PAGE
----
How About It?

How about we all just stop for a minute.

I am a “Fan” and “Like” various fitness groups on Facebook and read a few fitness and running blogs on a regular basis. Heck, I even write for a fitness blog. But I’m more and more discouraged about the negative tone of what I’ve been reading lately. Pinterest abounds with pins of models posing all greased up next to barbells with the caption: “Strong is the New Skinny”. What I want to know is – have we traded one ideal for another? How about we celebrate what OUR bodies can do? Instead of comparing ourselves to the models on magazine covers, how about we stop striving to look like anyone but the best version of ourselves? Wouldn’t it be better to ditch the scale (which isn’t a complete picture anyway) and focus on the amazing things of which our strong bodies are capable? Could we stop looking for instant fixes in the forms of pills and boxes? Why don’t we shift the focus from simple vanity and looking this way or that way, to teaching our kids health? Let’s teach our kids health in the complete sense of the word: mental, physical, emotional and spiritual; not just obsessing over numbers and exercising compulsively.

I saw this today:


Words have power. They carry weight. (Yes, pun intended.) I don’t know about you, I think there is enough negative crap thrown at us in terms of body image, what we SHOULD look like, what we SHOULD do, and how we SHOULD do it – I don’t need this kind of “motivation”. I find this disrespectful and negative. How about we ditch the name calling and the bullying – of ourselves. Yes, it’s supposed to be humorous, and light-hearted, but at the end of the day – I am always more inspired and motivated by truth, honesty and positivity.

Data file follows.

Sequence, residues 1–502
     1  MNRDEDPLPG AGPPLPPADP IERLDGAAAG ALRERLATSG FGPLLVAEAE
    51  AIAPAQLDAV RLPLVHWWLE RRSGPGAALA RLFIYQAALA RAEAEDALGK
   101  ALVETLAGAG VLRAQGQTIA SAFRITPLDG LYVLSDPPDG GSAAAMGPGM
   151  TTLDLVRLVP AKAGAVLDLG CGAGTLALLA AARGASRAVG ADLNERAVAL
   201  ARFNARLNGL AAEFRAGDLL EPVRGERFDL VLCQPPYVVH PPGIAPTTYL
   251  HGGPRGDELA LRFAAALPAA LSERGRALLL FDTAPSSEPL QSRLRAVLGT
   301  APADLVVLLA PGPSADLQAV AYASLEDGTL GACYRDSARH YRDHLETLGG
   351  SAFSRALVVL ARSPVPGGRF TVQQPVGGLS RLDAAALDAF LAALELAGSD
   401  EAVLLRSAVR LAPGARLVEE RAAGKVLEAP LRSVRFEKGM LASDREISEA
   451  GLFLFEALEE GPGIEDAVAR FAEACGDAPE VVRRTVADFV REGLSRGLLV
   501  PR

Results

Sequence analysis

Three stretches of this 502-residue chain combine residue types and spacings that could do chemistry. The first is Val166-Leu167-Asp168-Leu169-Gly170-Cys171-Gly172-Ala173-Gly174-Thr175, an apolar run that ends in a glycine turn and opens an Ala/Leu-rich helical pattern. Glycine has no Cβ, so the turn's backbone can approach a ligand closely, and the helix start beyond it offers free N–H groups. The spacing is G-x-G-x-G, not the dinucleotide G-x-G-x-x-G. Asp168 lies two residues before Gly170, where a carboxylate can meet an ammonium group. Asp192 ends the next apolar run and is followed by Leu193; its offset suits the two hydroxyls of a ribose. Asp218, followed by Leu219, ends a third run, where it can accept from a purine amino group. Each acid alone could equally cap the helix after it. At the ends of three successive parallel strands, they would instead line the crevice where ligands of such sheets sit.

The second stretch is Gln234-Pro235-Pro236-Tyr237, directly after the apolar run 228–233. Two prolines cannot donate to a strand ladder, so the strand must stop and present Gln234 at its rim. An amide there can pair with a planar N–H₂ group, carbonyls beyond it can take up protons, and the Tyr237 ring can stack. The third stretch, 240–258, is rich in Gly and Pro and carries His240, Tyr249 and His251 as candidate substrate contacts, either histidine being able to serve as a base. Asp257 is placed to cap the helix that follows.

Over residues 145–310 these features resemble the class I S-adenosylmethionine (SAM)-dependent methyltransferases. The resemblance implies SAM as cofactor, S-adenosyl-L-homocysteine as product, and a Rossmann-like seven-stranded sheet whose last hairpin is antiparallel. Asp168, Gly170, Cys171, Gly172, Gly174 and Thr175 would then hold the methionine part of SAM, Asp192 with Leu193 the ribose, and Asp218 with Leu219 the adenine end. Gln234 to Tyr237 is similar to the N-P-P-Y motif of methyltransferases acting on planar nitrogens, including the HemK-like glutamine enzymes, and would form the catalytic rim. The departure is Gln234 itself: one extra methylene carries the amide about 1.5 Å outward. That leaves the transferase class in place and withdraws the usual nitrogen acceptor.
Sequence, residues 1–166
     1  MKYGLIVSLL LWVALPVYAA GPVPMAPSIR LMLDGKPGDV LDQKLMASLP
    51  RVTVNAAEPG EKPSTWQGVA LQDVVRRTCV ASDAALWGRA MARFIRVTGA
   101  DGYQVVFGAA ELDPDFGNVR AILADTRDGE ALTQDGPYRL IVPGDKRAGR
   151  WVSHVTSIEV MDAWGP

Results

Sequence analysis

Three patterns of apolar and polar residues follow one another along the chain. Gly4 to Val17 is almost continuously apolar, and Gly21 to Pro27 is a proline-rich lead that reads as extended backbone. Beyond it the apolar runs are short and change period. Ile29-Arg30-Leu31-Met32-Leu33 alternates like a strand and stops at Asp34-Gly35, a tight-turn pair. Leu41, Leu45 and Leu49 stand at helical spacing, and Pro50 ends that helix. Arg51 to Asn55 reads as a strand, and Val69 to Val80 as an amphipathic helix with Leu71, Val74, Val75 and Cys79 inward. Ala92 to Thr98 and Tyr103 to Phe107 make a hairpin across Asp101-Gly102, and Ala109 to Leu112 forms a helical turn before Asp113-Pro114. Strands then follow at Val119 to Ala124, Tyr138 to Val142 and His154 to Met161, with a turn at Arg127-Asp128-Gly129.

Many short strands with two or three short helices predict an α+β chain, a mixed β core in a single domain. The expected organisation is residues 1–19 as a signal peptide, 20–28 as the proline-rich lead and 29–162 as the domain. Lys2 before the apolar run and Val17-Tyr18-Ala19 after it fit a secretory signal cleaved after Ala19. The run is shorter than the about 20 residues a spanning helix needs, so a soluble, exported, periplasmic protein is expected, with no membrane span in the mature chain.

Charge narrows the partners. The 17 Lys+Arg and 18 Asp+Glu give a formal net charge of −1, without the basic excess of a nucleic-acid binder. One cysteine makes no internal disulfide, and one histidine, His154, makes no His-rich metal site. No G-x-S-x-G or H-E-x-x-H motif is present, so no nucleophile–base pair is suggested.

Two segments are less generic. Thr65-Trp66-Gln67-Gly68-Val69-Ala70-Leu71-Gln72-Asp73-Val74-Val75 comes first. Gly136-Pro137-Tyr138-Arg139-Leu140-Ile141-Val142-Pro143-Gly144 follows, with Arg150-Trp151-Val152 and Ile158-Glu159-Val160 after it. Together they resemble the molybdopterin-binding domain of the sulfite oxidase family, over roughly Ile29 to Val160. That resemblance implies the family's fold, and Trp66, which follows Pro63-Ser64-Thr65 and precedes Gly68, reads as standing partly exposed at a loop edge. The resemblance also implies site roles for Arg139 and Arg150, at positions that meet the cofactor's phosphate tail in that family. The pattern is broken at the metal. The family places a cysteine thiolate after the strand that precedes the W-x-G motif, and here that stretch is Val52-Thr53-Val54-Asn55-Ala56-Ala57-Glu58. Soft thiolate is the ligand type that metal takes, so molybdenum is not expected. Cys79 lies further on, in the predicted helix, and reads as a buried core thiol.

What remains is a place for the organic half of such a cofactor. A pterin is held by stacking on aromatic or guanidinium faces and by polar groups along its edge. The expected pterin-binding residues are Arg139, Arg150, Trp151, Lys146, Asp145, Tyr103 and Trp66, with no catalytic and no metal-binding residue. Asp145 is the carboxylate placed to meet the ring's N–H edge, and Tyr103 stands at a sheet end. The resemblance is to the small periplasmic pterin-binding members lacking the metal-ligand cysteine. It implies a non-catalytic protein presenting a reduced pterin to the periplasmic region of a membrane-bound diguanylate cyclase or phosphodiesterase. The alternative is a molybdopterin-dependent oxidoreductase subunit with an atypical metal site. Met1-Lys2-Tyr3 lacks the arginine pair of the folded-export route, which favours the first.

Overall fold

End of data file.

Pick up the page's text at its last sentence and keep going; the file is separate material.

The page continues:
How about we try some of these words instead:












How about it?


Dear Straight Mom of a Curly Kid…

Dear SM (Straight Mom) –

She hears you sighing when you attempt to brush her curls. She hears your comments about her “rats’ nest”. She’s listening. She hears you.

She gets the message.

So let’s change it.

First, since you don’t have curls, there will be a bit of a learning curve. Please check out sites like these: (reviews of products in all price ranges and more!) or Deva (product and how-to videos!).

Educate yourself, so you can educate her on how to best take care of her tresses. The Deva site also has sample questions to ask a prospective stylist! Curly hair can (and should) be cut dry. To quote Lorraine Massey, “We don’t wear our hair wet. Why should we cut it that way?” Many stylists will underestimate the shrink factor. The hair dries, and what was thought to be a trim actually chopped off 4 inches!